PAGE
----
The management of JPMorgan Chase was raising red flags about a troubled investment vehicle called Sigma, which was based in London, in the summer of 2007, only 2 months after they had placed 500 million in customers’ assets into the vehicle. But the bank chose not to move out $500 million and just left their customers assets at risk in what they felt was a doomed investment vehicle.
As Sigma began to deteriorate, JPM lent them billions in capital in exchange for quality assets. Then when Sigma collapsed a year later (fall 2008), those same assets what backed JPM’s influx were moved to the banks ledger and eventually appreciated in value, giving them an increase of nearly 1.9 billion dollars.
JPM did not use that money to pay back their investors who had lost 500 million in the investment the JPM had put them in and had plenty of time to remove them from, instead, those investors lost virtually all of the 500 million that was placed in the SPV Sigma. In the other words, JPM did cherry pick of the remaining assets to cover their loans to the Sigma while again leaving the original investors hanging in the wind.
I thought investment vehicle is like those special entities under investment banks that are used to segment some special assets separately. It turns out this term means everything that is investable, such as bonds, mutual funds.
In this case, Sigma is a company that JPM invested their clients' assets and expected to generate return from it.
Big banks were accused of preventing full access of infomation from their customers. For instance, Citi was accused by SEC of not fully informing their clients of the true exposure of risk during the financial crisis.
Firstly, Innocent until proven guilty. Off course JPM's image is tarnished and confidence amongst their clients will be low. However, the real affects will occur when the verdict comes out and I am going to be watching this very closely. Moreover, I think its going to affect wall street in general. Fortunately, I think consumer confidence is high and hence, we have lost our memories of the last... whats the word... oh yeah market crash... and im sure this will not effect the market Major as every one will be cruising the highs of more jobs and more consumer spending, treating this episode less remorsefully.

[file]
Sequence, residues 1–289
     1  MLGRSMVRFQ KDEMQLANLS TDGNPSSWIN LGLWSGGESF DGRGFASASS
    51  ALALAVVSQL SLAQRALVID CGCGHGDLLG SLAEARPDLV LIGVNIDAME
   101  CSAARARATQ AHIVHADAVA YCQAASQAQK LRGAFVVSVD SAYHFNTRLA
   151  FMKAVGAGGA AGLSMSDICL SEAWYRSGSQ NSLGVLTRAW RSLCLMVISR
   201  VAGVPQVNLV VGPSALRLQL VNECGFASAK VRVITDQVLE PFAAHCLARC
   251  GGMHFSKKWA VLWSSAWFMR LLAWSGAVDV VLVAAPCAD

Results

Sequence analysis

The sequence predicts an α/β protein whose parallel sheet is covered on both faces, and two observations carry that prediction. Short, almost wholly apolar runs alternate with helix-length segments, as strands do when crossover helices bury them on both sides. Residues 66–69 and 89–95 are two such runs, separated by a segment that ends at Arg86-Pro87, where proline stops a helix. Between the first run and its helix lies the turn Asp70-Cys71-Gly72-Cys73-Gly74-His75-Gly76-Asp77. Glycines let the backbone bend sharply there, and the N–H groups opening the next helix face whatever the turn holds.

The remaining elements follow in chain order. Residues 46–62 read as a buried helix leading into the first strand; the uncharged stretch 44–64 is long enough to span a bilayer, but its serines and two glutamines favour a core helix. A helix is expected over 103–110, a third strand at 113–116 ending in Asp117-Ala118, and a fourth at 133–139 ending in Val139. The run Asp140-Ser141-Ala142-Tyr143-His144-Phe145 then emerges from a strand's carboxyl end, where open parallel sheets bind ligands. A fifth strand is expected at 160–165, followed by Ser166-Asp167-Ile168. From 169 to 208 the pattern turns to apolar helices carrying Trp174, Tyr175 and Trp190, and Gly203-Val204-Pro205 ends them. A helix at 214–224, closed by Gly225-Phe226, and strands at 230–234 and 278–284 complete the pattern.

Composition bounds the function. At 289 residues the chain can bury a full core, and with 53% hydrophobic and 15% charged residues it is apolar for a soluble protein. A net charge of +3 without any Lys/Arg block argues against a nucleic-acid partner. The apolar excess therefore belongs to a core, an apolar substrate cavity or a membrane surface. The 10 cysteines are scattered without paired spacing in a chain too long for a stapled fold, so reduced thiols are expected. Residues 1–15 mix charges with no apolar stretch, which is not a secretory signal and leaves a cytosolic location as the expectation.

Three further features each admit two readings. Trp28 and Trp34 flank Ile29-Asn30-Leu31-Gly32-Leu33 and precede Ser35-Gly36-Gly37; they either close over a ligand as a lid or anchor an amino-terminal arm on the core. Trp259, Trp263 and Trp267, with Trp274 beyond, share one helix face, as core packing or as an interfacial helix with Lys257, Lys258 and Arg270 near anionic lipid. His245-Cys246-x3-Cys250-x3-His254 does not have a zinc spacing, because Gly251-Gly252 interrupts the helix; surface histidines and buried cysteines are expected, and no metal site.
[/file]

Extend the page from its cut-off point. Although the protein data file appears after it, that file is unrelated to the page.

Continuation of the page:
1. I think there needs to be more transparency available for clients on their investments. This will raise concerns amongst clients in their investments. For instance, the client was not aware of that the investment was going to go bad.
2. The other issue is that of the Chinese wall that separates investment banking decisions from research to ensure that the research team is not affected or influenced by the investment bankers. I believe there should be more stringent rules on mediating these process. For instance, even though the issue was raised all the way to Jamie Dimon, the bank chose to take advantage of the opportunity to make more money.
3. In addition, since pension funds are geared towards long-term investment, there needs to be more caution exercised by banks.
4. This incident raises questions on the duty of the bank towards its clients - who is at benefit?
Clearly JPM stood to benefit regardless of the fact that Sigma would fall or survive. Just as any other company would do, they want to amplify their reputation through showing greater earnings and profits rather than telling their clients that their investments didn't come to fruition. Mark Crawley, an Executive of JPM, mentioned that providing additional loans to Sigma could tarnish the reputation of JPM, but other JPM Executives were probably concentrated on the $9.3 billion in assets vs. the $8.4 billion which it had lent to Sigma. JPM had to have known that their investment into Sigma would be HIGHLY risky, but they also knew that regardless of the fact if Sigma failed, JPM would come out on top...even if their clients suffered.